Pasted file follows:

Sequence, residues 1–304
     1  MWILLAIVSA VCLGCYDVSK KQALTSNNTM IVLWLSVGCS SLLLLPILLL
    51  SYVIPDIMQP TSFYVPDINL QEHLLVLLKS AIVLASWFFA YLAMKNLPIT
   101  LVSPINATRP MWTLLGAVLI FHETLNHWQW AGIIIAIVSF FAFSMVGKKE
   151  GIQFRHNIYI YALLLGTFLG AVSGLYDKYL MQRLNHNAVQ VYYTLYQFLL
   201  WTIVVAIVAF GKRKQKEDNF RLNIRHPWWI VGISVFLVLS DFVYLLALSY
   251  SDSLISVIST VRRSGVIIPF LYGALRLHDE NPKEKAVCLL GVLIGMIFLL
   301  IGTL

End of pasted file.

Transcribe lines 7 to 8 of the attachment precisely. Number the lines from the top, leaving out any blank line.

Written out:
   251  SDSLISVIST VRRSGVIIPF LYGALRLHDE NPKEKAVCLL GVLIGMIFLL
   301  IGTL